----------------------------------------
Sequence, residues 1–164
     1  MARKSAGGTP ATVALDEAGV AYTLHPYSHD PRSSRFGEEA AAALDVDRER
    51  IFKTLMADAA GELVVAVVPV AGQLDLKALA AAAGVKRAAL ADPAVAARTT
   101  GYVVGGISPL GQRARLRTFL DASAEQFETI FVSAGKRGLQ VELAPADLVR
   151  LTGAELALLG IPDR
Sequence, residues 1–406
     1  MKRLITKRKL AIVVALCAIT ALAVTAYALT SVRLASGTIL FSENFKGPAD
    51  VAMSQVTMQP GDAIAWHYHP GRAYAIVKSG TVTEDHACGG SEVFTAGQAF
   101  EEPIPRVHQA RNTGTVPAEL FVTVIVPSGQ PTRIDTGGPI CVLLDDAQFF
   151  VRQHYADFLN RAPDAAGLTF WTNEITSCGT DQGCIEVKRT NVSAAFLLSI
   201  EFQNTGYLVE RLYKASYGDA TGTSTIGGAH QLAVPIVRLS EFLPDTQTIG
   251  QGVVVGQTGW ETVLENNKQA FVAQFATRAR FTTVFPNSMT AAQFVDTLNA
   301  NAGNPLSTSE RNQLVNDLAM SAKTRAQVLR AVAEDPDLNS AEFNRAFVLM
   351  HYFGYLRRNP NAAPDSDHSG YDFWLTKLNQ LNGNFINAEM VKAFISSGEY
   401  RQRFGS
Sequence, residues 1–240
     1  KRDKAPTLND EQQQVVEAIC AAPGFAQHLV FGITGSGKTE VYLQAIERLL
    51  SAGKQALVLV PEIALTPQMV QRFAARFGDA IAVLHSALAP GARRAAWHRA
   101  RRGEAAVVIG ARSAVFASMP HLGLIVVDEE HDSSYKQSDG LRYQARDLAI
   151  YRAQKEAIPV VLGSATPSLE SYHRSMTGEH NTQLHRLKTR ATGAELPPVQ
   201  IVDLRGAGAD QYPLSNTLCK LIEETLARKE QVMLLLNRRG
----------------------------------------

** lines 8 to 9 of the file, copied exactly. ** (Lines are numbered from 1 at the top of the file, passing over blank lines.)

    51  VAMSQVTMQP GDAIAWHYHP GRAYAIVKSG TVTEDHACGG SEVFTAGQAF
   101  EEPIPRVHQA RNTGTVPAEL FVTVIVPSGQ PTRIDTGGPI CVLLDDAQFF